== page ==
Deutsche Bahn Government Slams Breaks on Rail Sell-Off Plans

The German government is blocking a plan by state railway operator Deutsche Bahn to sell off part of two major subsidiaries, overseas transport company Arriva and logistics unit Schenker.
Deutsche Bahn's sell off plans have hit a wall.

Rüdiger Grube, the chief executive of German state-owned rail operator Deutsche Bahn, faces political opposition to his plan to raise much-needed capital through the flotation of two major subsidiaries — overseas transport firm Arriva and logistics group Schenker.

A special supervisory board meeting scheduled for early February to discuss the partial privatization has been canceled and no new date has been set, even though Mr. Grube is planning precisely what successive governments have been urging Deutsche Bahn to do for years: Focus on the core business of passenger and freight transport in Germany.

Rail experts say a partial sell-off makes sense. “A company like DB Schenker definitely makes business sense from Deutsche Bahn’s point of view, but providing international logistics isn’t a government responsibility,” said Justus Haucap, a leading economist who teaches at the University of Düsseldorf and used to be head of Germany’s Monopolies Commission. “That is why one should at least consider a partial privatization in the medium term.”

Freight transport has stagnated at 17 percent of group revenue, and worse, it’s not earning money. Mr. Grube has launched a restructuring to fix chronic inefficiencies at the group, one of Germany’s largest employers with nearly 200,000 employees. The initial impact of the revamp will be to plunge the railway into the red, and the 2015 net loss will amount to €1.3 billion, or $1.4 billion.

For a long time — too long — nothing has changed at Deutsche Bahn. Matthias Gastel, Rail spokesman, Greens

Mr. Grube is under pressure to raise capital to fund the restructuring but the government has put the brakes on his plan and isn’t defining any alternative goals of its own. This apparent lack of interest has been reflected over the years in constant reshuffles of government representatives on the group’s supervisory board.

The current official representing the finance ministry, Steffen Kampeter, isn’t even a member of the government anymore. The former deputy finance minister is about to become managing director of the BDA Confederation of German Employers’ Associations. Effectively, the finance ministry is no longer represented on the supervisory board.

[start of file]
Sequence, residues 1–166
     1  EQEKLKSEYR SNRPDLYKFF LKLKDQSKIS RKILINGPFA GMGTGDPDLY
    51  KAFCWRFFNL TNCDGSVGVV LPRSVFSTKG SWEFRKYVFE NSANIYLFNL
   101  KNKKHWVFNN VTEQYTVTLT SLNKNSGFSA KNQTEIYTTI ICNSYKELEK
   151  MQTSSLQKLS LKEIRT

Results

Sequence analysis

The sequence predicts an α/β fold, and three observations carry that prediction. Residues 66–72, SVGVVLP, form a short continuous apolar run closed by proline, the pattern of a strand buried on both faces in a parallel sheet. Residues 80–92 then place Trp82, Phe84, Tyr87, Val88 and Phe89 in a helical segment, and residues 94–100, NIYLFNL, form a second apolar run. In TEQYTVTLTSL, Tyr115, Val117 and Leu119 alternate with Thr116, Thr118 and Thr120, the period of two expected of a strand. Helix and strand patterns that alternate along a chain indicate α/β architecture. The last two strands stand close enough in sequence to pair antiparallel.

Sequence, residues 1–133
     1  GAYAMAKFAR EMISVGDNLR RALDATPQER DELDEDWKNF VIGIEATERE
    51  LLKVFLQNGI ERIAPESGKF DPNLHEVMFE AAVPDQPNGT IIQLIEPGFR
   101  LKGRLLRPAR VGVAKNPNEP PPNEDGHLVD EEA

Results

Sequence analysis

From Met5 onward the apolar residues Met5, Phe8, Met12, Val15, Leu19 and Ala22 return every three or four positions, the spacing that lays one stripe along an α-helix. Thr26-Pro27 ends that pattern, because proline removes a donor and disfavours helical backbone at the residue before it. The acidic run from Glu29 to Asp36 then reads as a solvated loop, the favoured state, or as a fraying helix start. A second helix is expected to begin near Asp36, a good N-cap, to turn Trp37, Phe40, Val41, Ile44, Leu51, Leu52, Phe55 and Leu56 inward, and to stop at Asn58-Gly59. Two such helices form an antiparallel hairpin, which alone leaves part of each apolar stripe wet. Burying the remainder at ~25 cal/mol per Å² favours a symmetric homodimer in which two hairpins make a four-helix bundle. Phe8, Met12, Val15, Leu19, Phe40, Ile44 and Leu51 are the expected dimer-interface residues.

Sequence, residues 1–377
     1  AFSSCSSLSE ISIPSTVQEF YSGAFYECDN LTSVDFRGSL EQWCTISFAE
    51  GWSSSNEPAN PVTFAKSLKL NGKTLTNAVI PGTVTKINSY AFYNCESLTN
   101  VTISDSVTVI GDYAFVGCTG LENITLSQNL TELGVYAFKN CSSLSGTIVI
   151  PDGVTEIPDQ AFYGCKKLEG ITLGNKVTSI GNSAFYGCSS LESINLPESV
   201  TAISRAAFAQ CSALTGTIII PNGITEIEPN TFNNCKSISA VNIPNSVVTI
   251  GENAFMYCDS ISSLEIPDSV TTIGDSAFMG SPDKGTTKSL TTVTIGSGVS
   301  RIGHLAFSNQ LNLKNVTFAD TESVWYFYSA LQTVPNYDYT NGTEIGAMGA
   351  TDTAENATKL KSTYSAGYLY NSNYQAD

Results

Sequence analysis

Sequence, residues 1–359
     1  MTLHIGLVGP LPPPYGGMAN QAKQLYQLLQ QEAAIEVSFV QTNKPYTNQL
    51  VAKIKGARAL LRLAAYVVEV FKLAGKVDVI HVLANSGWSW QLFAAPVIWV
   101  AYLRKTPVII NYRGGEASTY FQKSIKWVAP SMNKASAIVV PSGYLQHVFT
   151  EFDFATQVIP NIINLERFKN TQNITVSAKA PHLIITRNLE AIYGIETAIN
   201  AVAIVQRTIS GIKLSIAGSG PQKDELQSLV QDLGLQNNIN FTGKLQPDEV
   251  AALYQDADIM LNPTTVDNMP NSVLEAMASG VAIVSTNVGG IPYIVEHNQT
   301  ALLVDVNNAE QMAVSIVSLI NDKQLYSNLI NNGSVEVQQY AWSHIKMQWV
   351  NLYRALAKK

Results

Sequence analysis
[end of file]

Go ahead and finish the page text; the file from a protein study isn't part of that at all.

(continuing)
Two other board members, Kirsten Lühmann and Brigitte Zypries, haven’t had much to do with trains in the past. Ms. Lühmann is transport spokeswoman for the center-left Social Democratic Party in the German parliament, while Ms. Zypries is deputy to economics minister Sigmar Gabriel.

Their appointment was intended to increase the proportion of women on the board in line with German rules that came into force on Jan. 1 requiring the supervisory boards of large companies to have at least 30 percent women. The only government official who has been on the board for a number of years is deputy transport minister Michael Odenwald.

“For a long time — too long — nothing has changed at Deutsche Bahn,” said Matthias Gastel, rail policy spokesman of the opposition Greens. The railway needed to increase the independence of the rail track subsidiary Netz from the passenger and freight operations, he said. But this would only be possible if the divisions were split from each other, he added.

But no one in the government wants to split up Deutsche Bahn. “We’re committed to the integrated company DB,” the conservatives and Social Democrats pledged in their 2013 coalition agreement.

They want the company to keep on running the track network and the stations. This is storing up problems because under current plans, the railway will be allowed to increase its charges for track usage by between 2.5 and 4 percent, outpacing federal subsidies for local train transport which are to rise just 1.5 percent per year. If that isn’t changed, the regional states will scale back local transport services.


Daniel Delhaes reports on politics, transport and airlines from Handelsblatt's Berlin office. Dieter Fockenbrock is Handelsblatt's chief correspondent for the companies and markets desk, focusing on corporate governance, opinion and rail transport. To contact the authors: [email protected], [email protected]